After 155 hours of rotor turn time and 70 flight hours, by October 2018 it had reached 250 kn (290 mph; 460 km/h) at 80% proprotor cruise speed. It was also flown to a 45° bank angle at up to 200 kn (230 mph; 370 km/h), achieved a 4,500 ft/min (23 m/s) climb rate at 160 kn (180 mph; 300 km/h), exceeded 200 kn (230 mph; 370 km/h) with less than 50% torque, and recorded a peak load factor of 1.9 g. Its longest flight covered 270 mi (230 nmi; 430 km) in 2.1 hours and it was moved to Arlington, Texas to continue testing closer to the US Army.
After one year of flight tests, it reached its 280-knot (320 mph; 520 km/h) target by January 2019, as it will continue to expand its flight envelope: low-speed agility, bank angles, and autonomous operations. In March, the V-280 reached 300 kn (345 mph; 556 km/h) as it was flown for over 100 hours, before low-speed manoeuvrability tests.
The V-280 is reported to be designed for a cruising speed of 280 knots (320 mph; 520 km/h) (hence the name V-280), a top speed of 300 knots (350 mph; 560 km/h), a range of 2,100 nautical miles (2,400 mi; 3,900 km), and an effective combat range of 500 to 800 nmi (580 to 920 mi; 930 to 1,480 km). Expected maximum takeoff weight is around 30,000 pounds (14,000 kg). In one major difference from the earlier V-22 Osprey tiltrotor, the engines remain in place while the rotors and drive shafts tilt. A driveshaft runs through the straight wing, allowing both prop rotors to be driven by a single engine in the event of engine loss. The V-280 will have retractable landing gear, a triple-redundant fly by wire control system, and a V-tail configuration. The wings are made of a single section of carbon fiber reinforced polymer composite, reducing weight and production costs. The V-280 will have a crew of four and be capable of transporting up to 14 troops. Dual cargo hooks will give it a lift capacity to carry a 10,000 lb (4,500 kg) M777A2 Howitzer while flying at a speed of 150 knots (170 mph; 280 km/h). The fuselage is visually similar to that of the UH-60 Black Hawk medium lift helicopter. When landed, the wing is in excess of 7 ft (2.1 m) from the ground, allowing soldiers to egress easily out of two 6-foot (1.8 m) wide side doors and door gunners to have wide fields of fire. Although the initial design is a utility configuration, Bell is also working on an attack configuration.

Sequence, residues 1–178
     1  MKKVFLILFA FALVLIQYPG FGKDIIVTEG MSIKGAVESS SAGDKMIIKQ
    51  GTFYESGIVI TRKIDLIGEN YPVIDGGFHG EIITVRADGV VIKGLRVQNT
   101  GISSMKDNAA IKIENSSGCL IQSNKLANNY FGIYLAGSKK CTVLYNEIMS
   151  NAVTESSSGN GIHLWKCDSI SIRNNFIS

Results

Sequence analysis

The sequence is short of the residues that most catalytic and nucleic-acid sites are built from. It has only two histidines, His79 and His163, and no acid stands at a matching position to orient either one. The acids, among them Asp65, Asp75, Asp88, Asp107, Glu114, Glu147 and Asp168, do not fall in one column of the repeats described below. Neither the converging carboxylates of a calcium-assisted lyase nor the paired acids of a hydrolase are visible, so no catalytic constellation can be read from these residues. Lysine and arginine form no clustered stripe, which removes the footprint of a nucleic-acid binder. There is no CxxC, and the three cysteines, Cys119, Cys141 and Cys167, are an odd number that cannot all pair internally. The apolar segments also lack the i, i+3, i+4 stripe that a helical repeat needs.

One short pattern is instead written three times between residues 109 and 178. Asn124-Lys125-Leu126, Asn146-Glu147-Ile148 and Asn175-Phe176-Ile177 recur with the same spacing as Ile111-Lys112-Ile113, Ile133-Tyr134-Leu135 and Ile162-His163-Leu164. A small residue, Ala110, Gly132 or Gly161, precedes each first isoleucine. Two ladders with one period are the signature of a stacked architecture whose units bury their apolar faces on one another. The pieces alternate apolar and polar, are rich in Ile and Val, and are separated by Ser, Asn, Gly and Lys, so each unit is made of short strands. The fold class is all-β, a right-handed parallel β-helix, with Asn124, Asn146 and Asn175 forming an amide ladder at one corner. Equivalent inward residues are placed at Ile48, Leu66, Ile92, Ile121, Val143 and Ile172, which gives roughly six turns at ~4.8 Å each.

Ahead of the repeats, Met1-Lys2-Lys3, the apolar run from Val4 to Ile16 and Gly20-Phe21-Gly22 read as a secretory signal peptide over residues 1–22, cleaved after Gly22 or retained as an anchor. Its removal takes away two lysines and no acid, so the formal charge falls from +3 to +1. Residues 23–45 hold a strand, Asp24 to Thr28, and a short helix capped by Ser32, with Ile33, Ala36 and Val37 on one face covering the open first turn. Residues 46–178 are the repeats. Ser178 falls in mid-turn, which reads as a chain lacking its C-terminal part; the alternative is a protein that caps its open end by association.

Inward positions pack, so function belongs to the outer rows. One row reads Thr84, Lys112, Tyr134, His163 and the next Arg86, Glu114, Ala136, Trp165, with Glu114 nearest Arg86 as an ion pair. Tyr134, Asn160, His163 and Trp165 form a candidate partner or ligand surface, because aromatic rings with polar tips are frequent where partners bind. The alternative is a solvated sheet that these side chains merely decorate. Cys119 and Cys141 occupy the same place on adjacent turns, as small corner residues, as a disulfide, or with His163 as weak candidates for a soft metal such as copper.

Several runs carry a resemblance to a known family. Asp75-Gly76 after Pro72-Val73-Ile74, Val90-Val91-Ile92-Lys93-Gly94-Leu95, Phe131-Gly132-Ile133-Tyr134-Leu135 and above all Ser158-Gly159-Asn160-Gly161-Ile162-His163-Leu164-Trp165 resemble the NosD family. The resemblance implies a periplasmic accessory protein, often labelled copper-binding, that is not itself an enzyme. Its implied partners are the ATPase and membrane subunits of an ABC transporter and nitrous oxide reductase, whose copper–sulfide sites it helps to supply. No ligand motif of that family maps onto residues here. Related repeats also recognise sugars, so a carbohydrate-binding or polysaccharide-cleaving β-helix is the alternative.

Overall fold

Whether different variants of the V-280 would fill utility and attack roles or a single airframe could interchange payloads for either mission, Bell is confident the Valor tiltrotor platform can fulfill both duties; the U.S. Marine Corps is interested in having one aircraft to replace utility and attack helicopters, but the Army, which leads the program, is not committed to the idea and wants distinct platforms for each mission. Bell and Lockheed claim an AV-280 variant can launch rockets, missiles, and even small unmanned aerial vehicles forward or aft with no rotor interference, even in forward flight and cruise modes with the rotors forward.
GE Aviation will manufacture the engines for the V-280, with the prototype (air vehicle concept demonstrator, or AVCD) using the General Electric T64. The specific engine for the model performance specification (MPS) is unknown, but has funding from the Army's future affordable turbine engine (FATE) program. The V-tail structure and ruddervators, made by GKN, will provide high levels of maneuverability and control to the airframe. It will be made of a combination of metals and composites. Features in the interior include seats that wirelessly charge troops’ radios, night-vision goggles, and other electronic gear and windows that display three-dimensional mission maps.
Special emphasis has been placed on reducing the weight of the V-280 in comparison to the V-22, which in turn would reduce cost. To do this, composites are used extensively in the wing, fuselage, and tail. Wing skins and ribs are made of a honeycomb-stiffened "sandwich" construction with large-cell carbon cores for fewer, larger, and lighter parts. Skins and ribs are paste-bonded together to eliminate fasteners. With these measures, costs are reduced by over 30 percent compared to a scaled V-22 wing. Bell expects the V-280 to cost around the same as an AH-64E or MH-60M. While the Osprey has a higher disk loading and lower hover efficiency than a helicopter, the V-280 will have a lower disk loading, and longer wing for greater hover and cruise efficiency. As the AW609 has already performed autorotation, it is expected that the V-280 (with similar disc loading) will demonstrate the same capability.
- Crew: 4
- Capacity: 14 troops
- Length: 50.5 ft (15.4 m)
- Width: 81.79 ft (24.93 m)
- Height: 23 ft 0 in (7 m)
- Empty weight: 33,069 lb (15,000 kg)
- Max takeoff weight: 57,320 lb (26,000 kg)
- Powerplant: 2 × General Electric T64 turboshaft
- Propellers: 35 ft 0 in (10.7 m) diameter
- Cruise speed: 320 mph (520 km/h, 280 kn)
- Combat range: 580–920 mi (930–1,480 km, 500–800 nmi)
- Ferry range: 2,400 mi (3,900 km, 2,100 nmi)
- Service ceiling: 6,000 ft (1,800 m) ; in hover out of ground effect at 95 °F (35 °C)
- Disk loading: 16 lb/sq ft (78 kg/m2)
Aircraft of comparable role, configuration and era
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We’re talking 2–4,000 aircraft
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- Bell preparing to affix V-280 wing as ‘Valor’ takes shape - Flightglobal.com, 20 January 2016
- Bell Helicopter mates fuselage and wings of first V-280 - Flightglobal.com, 4 May 2016
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|Wikimedia Commons has media related to Bell V-280.|
|Bell V-280 image gallery|
|Mock-up photos by American Helicopter Society|